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Wine collecting: A beginner’s guide to buying, storing and enjoying

December 17, 2021

If the pandemic has allowed you time to reflect on your pastimes, perhaps your love of wine has ignited a passion for exploring wine collecting, but you're not sure where to begin. Or maybe you've already dipped your toe in the water and would like to grow your wine collection, but you don’t know how to.

Whether it's for personal consumption (and enjoyment!) or long-term investment, becoming a successful wine collector takes time, financial commitment and a lot of research. But where do you begin? With so many questions, here's our guide to get you started with building your wine collection.

Decide on your wine collection's purpose

You've probably already decided if your collection will be centred on pleasure, profit, or a hybrid of the two. Its purpose will determine many things including how much storage space you require and where this will be – in your home or using specialist storage facilities – your level of investment, security and arranging insurance to protect your collection.

Plan your wine collection before you buy

Once you have determined your goal, you can turn your attention to buying your wine. Avoid buying too much of the wrong wine by planning for different scenarios:

  • Wine bought at retail to drink now.
  • En primeur or 'wine futures' – purchasing wines early while the wine (a vintage) is still in the barrel; drink or sell this in the future when it comes to maturity. Generally, this is for wine that will sell out and be unavailable in five to ten years.
  • Wine bought for investment to sell over time.

There's a misconception that wine collections should be made up of expensive wines. This isn't necessarily the case; focus on wines you enjoy and ones you can experience throughout the ageing process. A wine can also change its character over time, drifting in and out of 'drinking windows' and responding to storage conditions, temperature, air and the food with which it's paired.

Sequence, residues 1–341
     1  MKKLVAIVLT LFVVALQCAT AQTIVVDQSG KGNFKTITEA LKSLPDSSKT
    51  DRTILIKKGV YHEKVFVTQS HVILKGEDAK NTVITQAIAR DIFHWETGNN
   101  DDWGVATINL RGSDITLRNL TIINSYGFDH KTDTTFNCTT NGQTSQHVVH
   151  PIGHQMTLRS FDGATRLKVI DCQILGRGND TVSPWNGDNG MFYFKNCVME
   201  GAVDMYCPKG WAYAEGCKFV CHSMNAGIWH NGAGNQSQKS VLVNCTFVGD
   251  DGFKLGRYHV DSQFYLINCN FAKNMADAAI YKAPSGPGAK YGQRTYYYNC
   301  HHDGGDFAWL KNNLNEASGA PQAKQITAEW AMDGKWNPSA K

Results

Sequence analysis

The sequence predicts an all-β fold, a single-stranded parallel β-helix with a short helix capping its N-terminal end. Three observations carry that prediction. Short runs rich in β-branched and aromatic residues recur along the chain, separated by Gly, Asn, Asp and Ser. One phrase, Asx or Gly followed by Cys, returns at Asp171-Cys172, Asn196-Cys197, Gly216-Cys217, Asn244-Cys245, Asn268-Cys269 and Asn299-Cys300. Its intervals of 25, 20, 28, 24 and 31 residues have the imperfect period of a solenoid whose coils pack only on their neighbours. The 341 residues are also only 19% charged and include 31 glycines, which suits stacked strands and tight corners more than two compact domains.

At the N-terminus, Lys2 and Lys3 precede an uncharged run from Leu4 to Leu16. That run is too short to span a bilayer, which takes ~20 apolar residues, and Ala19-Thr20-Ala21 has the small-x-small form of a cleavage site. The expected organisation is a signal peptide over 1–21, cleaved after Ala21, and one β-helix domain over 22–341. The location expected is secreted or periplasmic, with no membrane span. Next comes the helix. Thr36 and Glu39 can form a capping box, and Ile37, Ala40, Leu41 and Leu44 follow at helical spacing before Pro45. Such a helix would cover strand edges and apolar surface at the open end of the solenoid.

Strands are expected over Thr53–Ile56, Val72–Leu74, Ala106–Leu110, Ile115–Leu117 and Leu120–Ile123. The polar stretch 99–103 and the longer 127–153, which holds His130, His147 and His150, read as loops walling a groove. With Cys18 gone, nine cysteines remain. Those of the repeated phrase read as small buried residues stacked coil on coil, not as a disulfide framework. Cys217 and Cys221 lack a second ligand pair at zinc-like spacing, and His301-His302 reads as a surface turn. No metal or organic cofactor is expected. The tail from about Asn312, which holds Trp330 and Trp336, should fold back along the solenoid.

Grow your knowledge

If you're looking to expand your knowledge of wines, one way to educate yourself is to join a wine tasting subscription. There are various options available; many offer expert advice and the opportunity to broaden your wine tastes. The more wines you taste, your palette will change. Read what the experts are saying, The Wine Society has an excellent website that features knowledgeable insight, events and the latest wine news.

Most wines aren't meant to age, so by understanding what categories of wines tend to age well and which ones don't, you'll know which wines to drink now and which to store.

Learning about different wine regions will take you on a journey of discovery. Paul Emery, Managing Director of Private Clients and a wine enthusiast, shares his thoughts when it comes to wine-related geography: "Pick two or three regions and know them well. As you hone in on your preference for red or white wine, particular grapes, or blends, styles and growing regions, build up knowledge and target certain wines according to the vintage.

"There are many classifications and rules about where grapes can be grown, by whom and where wine can be made and blended, and which grapes. Most importantly, focus on the regions with the wines you like to drink. I like to plan evenings with like-minded friends and try a number of different wines over an evening or sample the same wine from different vintages."

Finding suitable storage

When storing wine at home, you'll need a dark place with a consistently cool temperature, an unheated area such as under the stairs or a dedicated wine fridge set at a temperature of around 12 degrees. More sophisticated options include wine rooms or spiral cellars.